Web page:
How investors burned a hole in the housing market

Slowing lending growth suggests the housing market will soon reach its cyclical peak. Subsiding investor activity will leave a void in the market, and it's unlikely it will be filled.

Lending growth continues to moderate, suggesting that the housing market will soon reach its cyclical peak. Unfortunately, with owner-occupier and investor activity so high and the broader economy much weaker, we run the risk of a housing downturn that exceeds the 2008 and 2011-12 episodes.

The value of loan approvals to owner-occupiers, excluding refinancing, fell by 1.4 per cent in May to be 8.3 per cent higher over the year. The decline was mostly driven by softer volumes, which declined by 1.0 per cent, but the average loan size also fell modestly.

Refinancing of existing home loans remains strong, supported by historically low mortgage rates. With household indebtedness so high it is hardly surprising that households remain keen on easing their interest rate burden. The number of loans used for refinancing purposes rose by 2.1 per cent in May and has accounted for one-third of all loans to owner-occupiers over the past year. 

Graph for How investors burned a hole in the housing market

One of the more important trends is that growth has slowed significantly for both owner-occupiers and investors since late 2013.

On a trend basis, loan approvals to owner-occupiers declined by 0.1 per cent in May (compared with growth of 1.7 per cent in October), while for investors, growth slowed to 0.3 per cent (compared with 3.9 per cent in September).

Low interest rates have encouraged owner-occupiers and investors to bring their purchases forward, but that process can be risky. If a market burns too brightly then it can leave a void, with few buyers left to keep house prices ticking along.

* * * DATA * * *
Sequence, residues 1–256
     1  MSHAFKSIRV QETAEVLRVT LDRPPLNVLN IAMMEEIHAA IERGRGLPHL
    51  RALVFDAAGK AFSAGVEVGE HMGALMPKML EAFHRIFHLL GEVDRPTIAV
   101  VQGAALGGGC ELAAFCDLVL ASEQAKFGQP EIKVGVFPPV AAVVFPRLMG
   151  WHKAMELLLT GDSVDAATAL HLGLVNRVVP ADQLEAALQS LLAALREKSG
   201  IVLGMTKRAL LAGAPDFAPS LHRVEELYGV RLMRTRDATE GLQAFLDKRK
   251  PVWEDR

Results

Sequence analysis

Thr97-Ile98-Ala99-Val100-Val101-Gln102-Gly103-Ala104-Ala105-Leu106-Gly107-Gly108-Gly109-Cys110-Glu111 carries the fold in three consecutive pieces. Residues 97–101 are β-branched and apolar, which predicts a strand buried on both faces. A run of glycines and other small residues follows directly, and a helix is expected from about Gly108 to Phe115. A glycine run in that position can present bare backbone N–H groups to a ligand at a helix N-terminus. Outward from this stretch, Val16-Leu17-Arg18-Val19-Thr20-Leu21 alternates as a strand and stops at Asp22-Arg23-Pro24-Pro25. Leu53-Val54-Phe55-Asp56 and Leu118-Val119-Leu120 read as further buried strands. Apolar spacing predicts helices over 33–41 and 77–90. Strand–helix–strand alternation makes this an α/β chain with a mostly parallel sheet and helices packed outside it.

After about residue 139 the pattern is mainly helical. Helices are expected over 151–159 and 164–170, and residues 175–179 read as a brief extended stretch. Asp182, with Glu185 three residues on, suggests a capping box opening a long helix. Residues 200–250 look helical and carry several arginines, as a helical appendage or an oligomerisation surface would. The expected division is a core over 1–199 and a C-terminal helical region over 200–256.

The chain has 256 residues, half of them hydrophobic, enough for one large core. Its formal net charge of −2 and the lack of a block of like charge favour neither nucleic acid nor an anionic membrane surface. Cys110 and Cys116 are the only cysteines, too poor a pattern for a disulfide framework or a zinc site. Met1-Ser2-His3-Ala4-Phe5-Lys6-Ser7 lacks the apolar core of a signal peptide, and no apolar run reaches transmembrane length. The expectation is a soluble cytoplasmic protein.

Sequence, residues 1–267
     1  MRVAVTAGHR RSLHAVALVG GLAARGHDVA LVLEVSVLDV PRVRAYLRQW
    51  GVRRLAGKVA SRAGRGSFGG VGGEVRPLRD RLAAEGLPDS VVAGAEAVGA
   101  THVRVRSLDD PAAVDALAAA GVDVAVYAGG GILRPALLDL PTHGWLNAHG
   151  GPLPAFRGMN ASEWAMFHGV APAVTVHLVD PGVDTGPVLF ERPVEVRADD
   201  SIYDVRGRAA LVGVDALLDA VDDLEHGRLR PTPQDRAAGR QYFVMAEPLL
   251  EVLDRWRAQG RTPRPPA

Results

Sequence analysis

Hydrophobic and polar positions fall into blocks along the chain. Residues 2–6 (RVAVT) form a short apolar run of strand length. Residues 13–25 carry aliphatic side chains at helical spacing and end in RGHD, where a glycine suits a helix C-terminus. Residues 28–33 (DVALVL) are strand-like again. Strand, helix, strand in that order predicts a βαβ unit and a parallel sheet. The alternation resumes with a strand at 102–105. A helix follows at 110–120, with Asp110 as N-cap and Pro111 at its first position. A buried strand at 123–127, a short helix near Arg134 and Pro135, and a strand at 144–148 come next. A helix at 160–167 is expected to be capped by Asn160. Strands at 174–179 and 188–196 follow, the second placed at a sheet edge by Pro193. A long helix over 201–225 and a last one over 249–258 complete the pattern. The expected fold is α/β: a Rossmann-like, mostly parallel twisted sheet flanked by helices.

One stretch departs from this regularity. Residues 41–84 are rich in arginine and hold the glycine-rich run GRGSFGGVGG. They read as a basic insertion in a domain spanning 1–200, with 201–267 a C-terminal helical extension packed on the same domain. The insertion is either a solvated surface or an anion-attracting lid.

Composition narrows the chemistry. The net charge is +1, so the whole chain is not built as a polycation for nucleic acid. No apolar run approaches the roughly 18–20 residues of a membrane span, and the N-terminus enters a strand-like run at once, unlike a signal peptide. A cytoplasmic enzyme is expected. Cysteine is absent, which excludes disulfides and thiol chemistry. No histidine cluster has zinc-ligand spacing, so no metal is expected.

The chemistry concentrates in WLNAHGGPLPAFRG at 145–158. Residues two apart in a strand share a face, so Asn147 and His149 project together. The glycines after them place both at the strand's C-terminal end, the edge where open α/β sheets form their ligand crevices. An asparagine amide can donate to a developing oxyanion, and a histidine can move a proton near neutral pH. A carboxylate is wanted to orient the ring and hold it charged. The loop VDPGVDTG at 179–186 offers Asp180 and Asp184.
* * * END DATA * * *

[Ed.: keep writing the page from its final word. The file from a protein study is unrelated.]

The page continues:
If that void cannot be filled -- and the graph above shows that it rarely is -- then total loan approvals will decline significantly and house prices, which are demand-driven, will follow suit.

Which raises the question, can the void be filled? And by what?

There are three leading candidates: first home buyers, foreign buyers and self-managed super funds. Unfortunately none of these factors are sufficient to offset a sharp fall in activity from investors and owner-occupiers.

The Australian housing market continues to price many younger Australians out and prospective first home buyers remain reluctant to take on excessive debt to make their dreams come true. Beyond the immediate aftermath of the global financial crisis, this is the worst time for Australians to take on excessive risk since our last recession in the early 1990s.

On a trend basis, the value of loan approvals to first home buyers rose by 0.1 per cent in May, to be 4.9 per cent lower over the year. At this stage they account for around 12.5 per cent of total loan approvals, remaining near their historic lows of late last year.

It is difficult to assess foreign demand simply because so little is known about foreign purchases of Australian real estate. We cannot discount the possibility that foreign demand could keep pressure on house prices but even in the most optimistic of estimates, foreign demand appears too small to offset a significant fall in lending activity.

The same can likely be said of SMSFs. I also suspect that housing will lose its desirability if a downturn becomes imminent. Rather than housing, they’ll be looking to ride out the poor weather with term deposits and bonds.

Lending activity is set to peak in the next few months, leaving the housing market somewhat vulnerable to a reversal of the strong house price growth that has characterised the past year. This recent upswing appears somewhat similar to earlier episodes that resulted in prices declining in 2008 and then again in 2011-12.

Unfortunately the Australian economy is weaker than during those earlier episodes, which may result in a sharper downturn this time around. Much will depend on whether the Reserve Bank of Australia can successfully facilitate the rebalancing of the Australian economy -- a process that has recently been derailed by the federal budget and a stubbornly high Australian dollar.